The project also marked her first venture into the action genre.

“It’s such a different character—to have the physicality, emotional aspect to it and the dialogue and to deliver it to the audience was challenging,” she says.

Slash House

Jon Huertas, who stars in  “Slash House,” was excited to play bad guy Ray Jaffe who is trying to retrieve his stash of heroin that is lined within the walls of a foreclosed house purchased by an unsuspecting young couple, David and Emma Nash, played by Sean Faris and Briana Evigan.

“When you’re playing a good guy, you really stick to the parameters of what a good guy is,” Huertas says. “To play a bad guy, you can go to the director and say here’s something crazy that this guy could do and usually the director will be more open to it.”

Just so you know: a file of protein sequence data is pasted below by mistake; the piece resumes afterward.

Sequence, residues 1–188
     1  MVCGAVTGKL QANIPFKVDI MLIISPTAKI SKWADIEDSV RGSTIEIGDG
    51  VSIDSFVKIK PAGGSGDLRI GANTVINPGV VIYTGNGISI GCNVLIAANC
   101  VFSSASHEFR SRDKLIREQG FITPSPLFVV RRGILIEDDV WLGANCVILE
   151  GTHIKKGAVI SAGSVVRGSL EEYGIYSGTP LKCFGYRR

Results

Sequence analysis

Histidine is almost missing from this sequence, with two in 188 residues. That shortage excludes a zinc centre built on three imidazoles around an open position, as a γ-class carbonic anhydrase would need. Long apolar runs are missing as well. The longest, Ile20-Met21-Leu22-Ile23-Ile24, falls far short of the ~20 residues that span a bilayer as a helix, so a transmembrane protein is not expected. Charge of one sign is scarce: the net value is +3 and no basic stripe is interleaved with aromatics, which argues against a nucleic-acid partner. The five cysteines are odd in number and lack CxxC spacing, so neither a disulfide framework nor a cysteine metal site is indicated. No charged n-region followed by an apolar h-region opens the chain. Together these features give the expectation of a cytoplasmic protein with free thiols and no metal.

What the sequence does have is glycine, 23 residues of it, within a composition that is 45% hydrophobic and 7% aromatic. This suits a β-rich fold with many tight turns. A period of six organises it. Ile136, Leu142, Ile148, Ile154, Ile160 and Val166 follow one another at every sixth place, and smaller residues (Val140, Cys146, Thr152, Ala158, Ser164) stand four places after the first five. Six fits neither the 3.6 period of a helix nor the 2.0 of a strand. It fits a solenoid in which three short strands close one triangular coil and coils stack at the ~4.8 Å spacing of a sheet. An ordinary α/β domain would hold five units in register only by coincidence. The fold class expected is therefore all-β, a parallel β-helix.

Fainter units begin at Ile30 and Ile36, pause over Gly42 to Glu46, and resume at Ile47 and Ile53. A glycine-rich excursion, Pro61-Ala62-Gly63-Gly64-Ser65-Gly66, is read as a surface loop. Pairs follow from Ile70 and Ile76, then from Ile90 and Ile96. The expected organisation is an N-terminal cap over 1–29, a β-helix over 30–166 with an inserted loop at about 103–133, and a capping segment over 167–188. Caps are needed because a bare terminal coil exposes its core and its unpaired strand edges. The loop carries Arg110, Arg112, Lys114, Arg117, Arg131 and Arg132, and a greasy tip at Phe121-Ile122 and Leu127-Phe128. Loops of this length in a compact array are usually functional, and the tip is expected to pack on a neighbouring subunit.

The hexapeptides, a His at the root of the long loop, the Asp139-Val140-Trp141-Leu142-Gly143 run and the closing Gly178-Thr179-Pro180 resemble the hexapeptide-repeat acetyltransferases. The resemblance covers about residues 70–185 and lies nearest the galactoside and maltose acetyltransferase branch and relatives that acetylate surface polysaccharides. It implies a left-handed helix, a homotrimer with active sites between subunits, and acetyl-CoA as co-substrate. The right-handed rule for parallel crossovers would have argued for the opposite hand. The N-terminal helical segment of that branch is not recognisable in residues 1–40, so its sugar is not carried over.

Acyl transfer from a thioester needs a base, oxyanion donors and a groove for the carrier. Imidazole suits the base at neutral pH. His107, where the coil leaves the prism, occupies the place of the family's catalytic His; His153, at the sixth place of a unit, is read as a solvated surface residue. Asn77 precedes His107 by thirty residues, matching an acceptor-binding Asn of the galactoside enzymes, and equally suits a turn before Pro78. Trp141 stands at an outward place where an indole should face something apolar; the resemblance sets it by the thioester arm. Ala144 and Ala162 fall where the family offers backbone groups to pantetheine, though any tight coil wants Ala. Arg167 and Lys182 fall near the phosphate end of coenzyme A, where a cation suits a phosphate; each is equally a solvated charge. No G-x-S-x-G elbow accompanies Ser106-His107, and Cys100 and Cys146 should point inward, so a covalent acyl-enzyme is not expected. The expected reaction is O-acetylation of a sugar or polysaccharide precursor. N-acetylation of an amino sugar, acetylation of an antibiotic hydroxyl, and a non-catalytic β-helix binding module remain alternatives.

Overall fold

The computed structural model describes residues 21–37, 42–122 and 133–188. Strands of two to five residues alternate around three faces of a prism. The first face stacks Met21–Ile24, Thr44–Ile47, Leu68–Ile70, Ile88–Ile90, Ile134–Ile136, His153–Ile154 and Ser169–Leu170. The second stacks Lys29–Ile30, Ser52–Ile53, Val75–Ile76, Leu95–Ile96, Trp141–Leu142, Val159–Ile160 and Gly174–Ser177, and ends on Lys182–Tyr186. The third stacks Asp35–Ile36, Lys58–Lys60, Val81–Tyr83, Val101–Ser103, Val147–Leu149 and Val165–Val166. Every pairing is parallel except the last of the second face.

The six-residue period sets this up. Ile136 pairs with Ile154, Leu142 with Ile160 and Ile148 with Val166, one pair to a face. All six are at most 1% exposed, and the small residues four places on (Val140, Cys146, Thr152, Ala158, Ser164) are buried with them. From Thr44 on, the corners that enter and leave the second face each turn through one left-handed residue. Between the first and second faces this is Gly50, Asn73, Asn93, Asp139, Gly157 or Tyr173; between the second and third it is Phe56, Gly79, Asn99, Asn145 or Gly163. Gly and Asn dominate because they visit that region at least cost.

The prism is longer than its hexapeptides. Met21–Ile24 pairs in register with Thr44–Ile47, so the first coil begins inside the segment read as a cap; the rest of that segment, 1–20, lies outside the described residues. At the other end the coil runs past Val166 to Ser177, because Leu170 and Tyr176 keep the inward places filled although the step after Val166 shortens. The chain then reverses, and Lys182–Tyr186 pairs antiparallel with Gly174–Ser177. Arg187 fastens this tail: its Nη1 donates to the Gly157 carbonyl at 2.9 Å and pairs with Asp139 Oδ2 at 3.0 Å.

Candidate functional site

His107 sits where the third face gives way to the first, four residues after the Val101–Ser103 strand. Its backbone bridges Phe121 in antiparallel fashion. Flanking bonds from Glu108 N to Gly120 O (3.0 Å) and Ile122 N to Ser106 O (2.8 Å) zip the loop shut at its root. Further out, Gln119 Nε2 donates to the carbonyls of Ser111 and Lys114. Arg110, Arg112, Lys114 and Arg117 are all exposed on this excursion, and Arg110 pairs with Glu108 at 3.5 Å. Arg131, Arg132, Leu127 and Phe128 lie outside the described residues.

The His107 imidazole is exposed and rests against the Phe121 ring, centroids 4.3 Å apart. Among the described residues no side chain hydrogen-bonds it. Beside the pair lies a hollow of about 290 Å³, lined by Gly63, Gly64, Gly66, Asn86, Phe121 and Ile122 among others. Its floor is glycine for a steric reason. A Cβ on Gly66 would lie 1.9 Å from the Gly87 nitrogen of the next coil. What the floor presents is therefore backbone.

It was also an exciting opportunity for Huertas to work with action screen legend Lundgren.

“He’s someone I watched when I was really young; I mean he was in ‘Rocky,’” he exclaims. “Working with Dolph was pretty surprising. I’ve never worked or met him before. He’s very intelligent, very clean cut and very healthy. First of all he was so good in ‘The Expendables.’ It really made me believe he had gotten strung out. You see a lot of actors that had their heyday and they end of getting strung out. In ‘Expendables,’ he (convincingly looked like he) was strung out. When I met him, he was so put together and so smart. I found out he was a Rhodes scholar and a chemical engineer before he ever got the job in ‘Rocky.’ He’s a highly intelligent man and he’s freakin’ bad ass.”